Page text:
Just As I Am – Marked in Love 

Ash Wednesday, February 26, 2020
Intern Teleen Saunders 

2 Corinthians 5:11-21

Just as I am without one plea, but that thy blood was shed for me, and that throu bidd’st me come to thee, O Lamb of God, I come, I come.

If there is any day of the year where we confess the limitations of our humanity, it is on Ash Wednesday.  So, as a fellow human being, I’d like to confess something.  I like to sing.  I’ll sing in my kitchen.  I’ll sing in my car.  I’ll sing to children all day long.  But pulling out a solo in front of a congregation, especially a musical congregation like Augustana, is way out of my comfort zone.  Pastor Aune asked me if I can sing only after I had accepted my position here.  My response was, “Just as I am without one plea…”  because I am perfectly aware of my limitations.  I’m perfectly aware of my humanness.  But I’m willing to sing at Augustana because God knows that I’m no Whitney Houston and called me here anyway.  God made my thin straight hair, my hazel eyes, and my squeaky little voice and if that’s good enough for God, then it’s good enough for me.

Ash Wednesday is the start of Lent, a time associated with introspection – a time of darkness, a time of quiet where we confront the truth of our human limitations.  Today we prepare for the penitence of Lent.  But we also anticipate God’s goodness that as we stand before our Creator with all of our human limitations, we know that God loves us anyway.  There is evil, but there is also goodness. Or as Martin Luther famously said, “Simul Justus et Peccator” we are both sinner and saint.

For many of us, it’s hard to talk about our own limitations.  It’s hard to admit that we fail, that we’re wrong, that we’re selfish or short sided.  It’s hard to admit that we need help or that we hurt.  In a world where “winner takes all”, it’s hard to admit that we are often afraid or vulnerable.  For some, it’s easier to take God out of the equation all together and simply claim our own invincibility thinking that if we simply don’t talk about suffering, then it will all just go away.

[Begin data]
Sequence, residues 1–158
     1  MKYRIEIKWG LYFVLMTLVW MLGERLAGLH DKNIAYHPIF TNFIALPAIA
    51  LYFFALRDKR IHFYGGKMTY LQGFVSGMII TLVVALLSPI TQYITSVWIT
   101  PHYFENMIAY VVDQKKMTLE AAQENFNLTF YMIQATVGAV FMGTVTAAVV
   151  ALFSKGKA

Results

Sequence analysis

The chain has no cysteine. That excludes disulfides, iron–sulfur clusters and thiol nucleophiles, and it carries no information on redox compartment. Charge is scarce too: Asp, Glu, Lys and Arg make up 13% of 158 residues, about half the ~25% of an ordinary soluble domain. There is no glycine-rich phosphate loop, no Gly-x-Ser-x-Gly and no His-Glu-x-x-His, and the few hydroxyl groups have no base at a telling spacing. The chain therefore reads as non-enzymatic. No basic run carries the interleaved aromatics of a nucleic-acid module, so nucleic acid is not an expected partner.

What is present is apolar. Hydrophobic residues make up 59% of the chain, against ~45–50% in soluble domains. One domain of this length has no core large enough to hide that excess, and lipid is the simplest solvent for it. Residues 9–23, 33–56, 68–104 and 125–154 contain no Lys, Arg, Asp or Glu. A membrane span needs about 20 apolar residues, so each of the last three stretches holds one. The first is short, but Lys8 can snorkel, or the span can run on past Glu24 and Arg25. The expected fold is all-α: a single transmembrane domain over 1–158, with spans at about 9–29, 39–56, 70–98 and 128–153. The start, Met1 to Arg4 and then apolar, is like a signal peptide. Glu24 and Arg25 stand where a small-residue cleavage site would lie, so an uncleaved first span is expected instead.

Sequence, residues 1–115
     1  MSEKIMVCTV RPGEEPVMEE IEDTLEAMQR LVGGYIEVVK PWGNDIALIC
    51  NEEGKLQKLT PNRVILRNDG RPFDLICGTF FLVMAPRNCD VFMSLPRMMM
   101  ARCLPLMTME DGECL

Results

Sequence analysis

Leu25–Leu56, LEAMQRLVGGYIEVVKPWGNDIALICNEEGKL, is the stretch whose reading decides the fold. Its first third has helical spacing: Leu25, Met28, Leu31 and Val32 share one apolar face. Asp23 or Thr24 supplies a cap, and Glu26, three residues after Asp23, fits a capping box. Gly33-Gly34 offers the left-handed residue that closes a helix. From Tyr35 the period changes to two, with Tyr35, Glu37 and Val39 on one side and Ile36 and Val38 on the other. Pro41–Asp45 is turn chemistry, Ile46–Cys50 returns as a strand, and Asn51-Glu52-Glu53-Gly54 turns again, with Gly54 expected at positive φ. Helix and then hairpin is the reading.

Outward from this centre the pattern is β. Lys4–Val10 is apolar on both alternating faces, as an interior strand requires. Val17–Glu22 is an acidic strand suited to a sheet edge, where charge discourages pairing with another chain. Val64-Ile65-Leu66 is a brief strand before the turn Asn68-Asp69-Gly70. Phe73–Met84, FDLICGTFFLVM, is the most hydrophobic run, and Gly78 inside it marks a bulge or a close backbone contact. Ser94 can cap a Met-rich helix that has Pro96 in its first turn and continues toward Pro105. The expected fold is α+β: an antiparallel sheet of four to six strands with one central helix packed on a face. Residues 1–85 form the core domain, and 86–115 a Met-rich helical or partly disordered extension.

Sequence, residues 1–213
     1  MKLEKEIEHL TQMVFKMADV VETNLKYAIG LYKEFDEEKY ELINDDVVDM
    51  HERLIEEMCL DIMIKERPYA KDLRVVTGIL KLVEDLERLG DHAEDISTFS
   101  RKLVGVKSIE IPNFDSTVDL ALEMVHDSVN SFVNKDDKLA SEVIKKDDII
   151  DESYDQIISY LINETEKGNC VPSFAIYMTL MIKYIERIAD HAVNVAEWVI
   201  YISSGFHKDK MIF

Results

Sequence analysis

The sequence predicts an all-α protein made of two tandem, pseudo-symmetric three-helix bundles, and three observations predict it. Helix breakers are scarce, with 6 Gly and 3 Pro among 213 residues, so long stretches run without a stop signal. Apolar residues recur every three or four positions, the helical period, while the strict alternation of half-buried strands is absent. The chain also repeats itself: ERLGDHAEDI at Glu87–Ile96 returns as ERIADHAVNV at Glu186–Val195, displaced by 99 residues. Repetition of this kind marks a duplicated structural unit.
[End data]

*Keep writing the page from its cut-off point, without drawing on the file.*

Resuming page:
But the truth is, there is sin, there is suffering and there is death in this world.   Just this week I have walked with people who are suffering from heart disease, terminal cancer, and debilitating depression.  There have been house fires, car accidents, and hungry children.  The truth of our humanity is terrifying.

But here we are – a gathering of Christ followers who are not afraid to confront reality, who are not afraid to confess the truth of our humanity!  And that takes courage.

In a few minutes we will have the imposition of ashes placed on our foreheads.  This is a public declaration that we are participants of a fallen world.  We are mortal human beings in need of a savior.

But we also anticipate God’s goodness.

Our God of the Trinity sent Jesus of Nazareth – a human who intimately and viscerally knows our shortcomings.  Our God of the Trinity knows what it is to be mocked, to be rejected, to thirst, to cry out, to suffer and to die.  God became human, because we are human.  When we receive our ashes, it is a bold act of our mortality.  A stain of death upon our face and the truth of our condition.

But with it is also a symbol of the divine.  A symbol of promise as we anticipate God’s goodness.  The ashes are not just smeared haphazardly across our foreheads.  The ashes are given in the shape of the cross.  In receiving the ashes, we remember that our Lord Jesus took on the fullness of our humanity.  He who was sinless became our sin.  And only the humanity of Christ could do this for the world.  It’s a hand-over where Christ exchanges his divine status for our sinful nature.  The cross of Christ will be the last word as we are reconciled into His glory.

This Lenten journey is a walk with Jesus Christ, our savior and Lord who is at once both fully human and fully divine with the power to redeem.  Two truths mysteriously intertwined with reality.  Two truths symbolized through an ash cross.

Anticipating God’s goodness, even in the midst of chaos, helps and empowers us to tell the truth about who we are and what God is doing in our lives.  When we receive our ashes, we come in complete understanding that we are of this world.  We live and we will die.  There is a sorrow to the truth.  But there is also a joy because God takes us just as we are.  As the apostle Paul writes, “If anyone is in Christ, there is a new creation: everything old has passed away; see, everything has become new!”  Anticipate God’s goodness!  It’s new life from the ashes.  A goodness that we anticipate and a goodness to share.

When we anticipate God’s goodness, we fully admit our human limitations because the divinity of Christ takes us as we are.  God knows us and loves us anyway.  Let us, as Paul writes, be ambassadors for Christ as we embrace our humanity and live into the promise of a new creation.   On this Ash Wednesday, let us be marked in anticipation of God’s goodness.  Let us be marked in love.

Thanks be to God!

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